The Indian bond markets, which deviated from the government’s record absorption plans, were bought back by the central bank.
The Reserve Bank of India (RBI) lowered the reverse REPO rate to free up more money for loans, fuelling the rally in short-term bonds, while fuelling market hopes of a massive purchase of debt in the open market.
Bond yields fell by 26 basis points to 5.48% from 6.18% in 2024. This compares with a 10-year return which fell by 9 basis points to 6.35% after falling to 15 basis points before the announcement of the measures.
Overall, the actions taken on Friday were not as strong as some debt market participants had expected. Traders hoped for larger measures, such as a timetable for buying debt, and some even demanded dramatic measures, such as the direct purchase of government debt by RBI.
The market is disappointed because no specific measures have been taken for the government bond market, said Lakshmi Ayer, investment director of Kotak Mahindra Asset Management.
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Since there is no evidence of aid for bond purchases on the open market, it would be difficult to meet such a large supply of government bonds. Longer harvests can remain under pressure.
After the Narendra Modi government announced record loan growth, the bond market has declined in the past two weeks. Primary dealers in public debt auctions charged higher bidding costs for the second week in a row, underlining market concerns about oversupply.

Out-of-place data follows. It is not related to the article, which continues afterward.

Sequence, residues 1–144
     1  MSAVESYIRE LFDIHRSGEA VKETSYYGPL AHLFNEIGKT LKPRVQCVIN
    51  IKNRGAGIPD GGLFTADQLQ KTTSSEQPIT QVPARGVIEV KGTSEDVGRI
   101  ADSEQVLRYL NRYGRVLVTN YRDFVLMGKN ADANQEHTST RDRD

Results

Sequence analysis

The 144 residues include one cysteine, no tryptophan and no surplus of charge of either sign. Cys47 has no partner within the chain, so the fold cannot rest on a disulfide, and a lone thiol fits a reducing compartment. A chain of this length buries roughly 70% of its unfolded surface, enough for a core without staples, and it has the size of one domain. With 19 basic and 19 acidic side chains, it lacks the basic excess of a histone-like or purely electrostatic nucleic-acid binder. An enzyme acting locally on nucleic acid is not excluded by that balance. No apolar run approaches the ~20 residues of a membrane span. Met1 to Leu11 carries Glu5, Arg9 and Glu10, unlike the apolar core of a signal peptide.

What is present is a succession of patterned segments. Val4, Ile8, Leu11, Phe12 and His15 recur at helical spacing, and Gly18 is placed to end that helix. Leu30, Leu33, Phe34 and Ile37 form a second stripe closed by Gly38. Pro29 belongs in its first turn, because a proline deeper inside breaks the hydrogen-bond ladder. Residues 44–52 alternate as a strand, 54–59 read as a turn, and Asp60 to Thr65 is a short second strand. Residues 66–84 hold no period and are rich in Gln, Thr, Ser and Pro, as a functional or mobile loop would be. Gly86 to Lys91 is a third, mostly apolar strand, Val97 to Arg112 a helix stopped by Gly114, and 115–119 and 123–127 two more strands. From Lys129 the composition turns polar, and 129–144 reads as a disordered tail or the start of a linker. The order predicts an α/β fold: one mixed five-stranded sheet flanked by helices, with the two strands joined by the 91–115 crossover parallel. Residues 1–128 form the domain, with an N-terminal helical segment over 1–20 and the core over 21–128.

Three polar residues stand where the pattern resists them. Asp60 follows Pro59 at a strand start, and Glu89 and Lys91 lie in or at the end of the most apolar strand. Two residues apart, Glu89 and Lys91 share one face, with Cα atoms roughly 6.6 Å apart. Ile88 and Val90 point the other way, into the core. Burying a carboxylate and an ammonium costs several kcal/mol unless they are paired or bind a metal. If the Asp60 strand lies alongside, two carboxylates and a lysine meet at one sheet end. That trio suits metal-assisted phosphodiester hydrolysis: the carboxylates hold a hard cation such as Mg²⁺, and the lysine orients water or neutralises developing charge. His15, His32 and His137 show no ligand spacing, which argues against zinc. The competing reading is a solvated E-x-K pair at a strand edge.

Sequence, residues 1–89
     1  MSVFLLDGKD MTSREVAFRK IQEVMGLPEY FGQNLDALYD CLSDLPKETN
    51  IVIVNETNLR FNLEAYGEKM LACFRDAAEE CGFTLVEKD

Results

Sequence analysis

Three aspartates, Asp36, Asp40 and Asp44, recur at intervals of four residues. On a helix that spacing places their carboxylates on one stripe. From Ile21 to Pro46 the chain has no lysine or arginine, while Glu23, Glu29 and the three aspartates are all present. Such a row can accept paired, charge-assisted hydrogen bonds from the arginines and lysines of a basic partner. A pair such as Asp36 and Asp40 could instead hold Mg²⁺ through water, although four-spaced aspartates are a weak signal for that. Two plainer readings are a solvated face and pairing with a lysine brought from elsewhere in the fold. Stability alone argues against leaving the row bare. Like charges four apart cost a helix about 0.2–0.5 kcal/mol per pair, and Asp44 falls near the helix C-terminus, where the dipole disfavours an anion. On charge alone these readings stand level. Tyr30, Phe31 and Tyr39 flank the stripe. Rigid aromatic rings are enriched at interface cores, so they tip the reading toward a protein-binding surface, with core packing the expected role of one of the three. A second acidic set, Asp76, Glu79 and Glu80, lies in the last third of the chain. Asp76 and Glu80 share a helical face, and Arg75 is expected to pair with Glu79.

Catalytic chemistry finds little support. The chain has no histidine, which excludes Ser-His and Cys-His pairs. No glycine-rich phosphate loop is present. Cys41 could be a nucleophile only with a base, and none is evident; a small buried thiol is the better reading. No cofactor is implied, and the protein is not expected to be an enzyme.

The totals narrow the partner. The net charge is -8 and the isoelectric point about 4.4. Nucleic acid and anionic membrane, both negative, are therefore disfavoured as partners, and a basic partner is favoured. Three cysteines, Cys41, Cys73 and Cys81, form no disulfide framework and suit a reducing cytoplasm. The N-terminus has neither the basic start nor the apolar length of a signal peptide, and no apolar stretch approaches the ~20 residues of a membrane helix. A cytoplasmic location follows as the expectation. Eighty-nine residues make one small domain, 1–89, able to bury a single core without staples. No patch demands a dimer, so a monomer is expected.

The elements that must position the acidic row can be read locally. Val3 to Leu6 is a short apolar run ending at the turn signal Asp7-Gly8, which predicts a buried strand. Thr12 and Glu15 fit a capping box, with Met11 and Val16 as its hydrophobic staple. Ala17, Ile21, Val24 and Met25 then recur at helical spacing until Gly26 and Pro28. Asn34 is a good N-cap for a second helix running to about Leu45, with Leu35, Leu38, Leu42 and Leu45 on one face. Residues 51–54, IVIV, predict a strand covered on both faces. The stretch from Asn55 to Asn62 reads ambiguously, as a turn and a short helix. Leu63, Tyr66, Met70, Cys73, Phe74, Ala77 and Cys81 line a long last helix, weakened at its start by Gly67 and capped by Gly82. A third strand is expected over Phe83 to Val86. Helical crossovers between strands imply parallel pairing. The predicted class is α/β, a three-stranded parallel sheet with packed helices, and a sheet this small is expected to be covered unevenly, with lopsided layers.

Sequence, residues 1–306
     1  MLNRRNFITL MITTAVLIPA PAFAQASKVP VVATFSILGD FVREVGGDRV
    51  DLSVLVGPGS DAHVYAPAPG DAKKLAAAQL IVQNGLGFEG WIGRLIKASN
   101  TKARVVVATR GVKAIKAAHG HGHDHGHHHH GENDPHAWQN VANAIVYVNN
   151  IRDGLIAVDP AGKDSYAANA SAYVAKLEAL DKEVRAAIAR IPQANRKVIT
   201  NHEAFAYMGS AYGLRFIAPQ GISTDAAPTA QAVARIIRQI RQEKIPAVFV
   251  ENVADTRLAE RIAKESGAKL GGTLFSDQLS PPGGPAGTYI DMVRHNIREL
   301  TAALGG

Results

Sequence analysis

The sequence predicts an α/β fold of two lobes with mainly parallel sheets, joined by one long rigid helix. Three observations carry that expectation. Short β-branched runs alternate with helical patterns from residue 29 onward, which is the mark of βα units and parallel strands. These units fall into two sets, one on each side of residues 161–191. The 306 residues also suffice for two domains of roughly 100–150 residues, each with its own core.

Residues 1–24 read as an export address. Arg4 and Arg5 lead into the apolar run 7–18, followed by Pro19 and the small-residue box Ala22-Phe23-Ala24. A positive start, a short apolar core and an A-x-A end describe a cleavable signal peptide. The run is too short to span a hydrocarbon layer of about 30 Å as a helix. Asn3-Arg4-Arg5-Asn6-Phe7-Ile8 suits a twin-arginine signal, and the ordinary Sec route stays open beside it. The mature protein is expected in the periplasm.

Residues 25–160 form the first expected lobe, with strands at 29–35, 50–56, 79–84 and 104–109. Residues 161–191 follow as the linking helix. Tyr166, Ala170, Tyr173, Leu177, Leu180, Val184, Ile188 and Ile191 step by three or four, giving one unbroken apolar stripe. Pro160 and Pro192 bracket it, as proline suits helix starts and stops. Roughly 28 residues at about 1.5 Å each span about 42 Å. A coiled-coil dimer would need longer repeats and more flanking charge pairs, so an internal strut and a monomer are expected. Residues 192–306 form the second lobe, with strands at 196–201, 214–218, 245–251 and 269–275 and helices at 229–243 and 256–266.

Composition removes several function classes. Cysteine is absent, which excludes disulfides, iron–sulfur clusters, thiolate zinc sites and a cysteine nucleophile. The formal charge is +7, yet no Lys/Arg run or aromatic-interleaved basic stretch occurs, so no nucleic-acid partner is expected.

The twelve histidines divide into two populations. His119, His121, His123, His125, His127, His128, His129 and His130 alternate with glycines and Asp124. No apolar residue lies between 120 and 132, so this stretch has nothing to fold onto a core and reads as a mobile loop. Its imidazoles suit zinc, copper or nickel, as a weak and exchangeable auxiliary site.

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Following these announcements, the authorities managed to sell the debt of Rs.200 billion as planned.
In particular, RBI announced that it would provide banks with Rs 500 of cheap money to buy bonds from notional creditors and improve the methods and means of early payment available to authorities.
India’s plight is also reflected in other Asian markets, as governments are finding it difficult to finance the fight against the slowdown in growth caused by the coronavirus. While the central banks of Australia and New Zealand have started mass bond buying to reduce the cost of borrowing, the RBIs have largely refrained from taking such measures.
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The government has already announced a $2.6 billion fiscal stimulus for the poorest. The United States is expected to make further commitments in the near future.
The plan for financing the upcoming deficit is rather vague, said Suyash Choudhary, Mumbai’s fixed income asset manager for the IDFC. To be honest, RBI can wait until the actual loan announcement before announcing the relocation plan.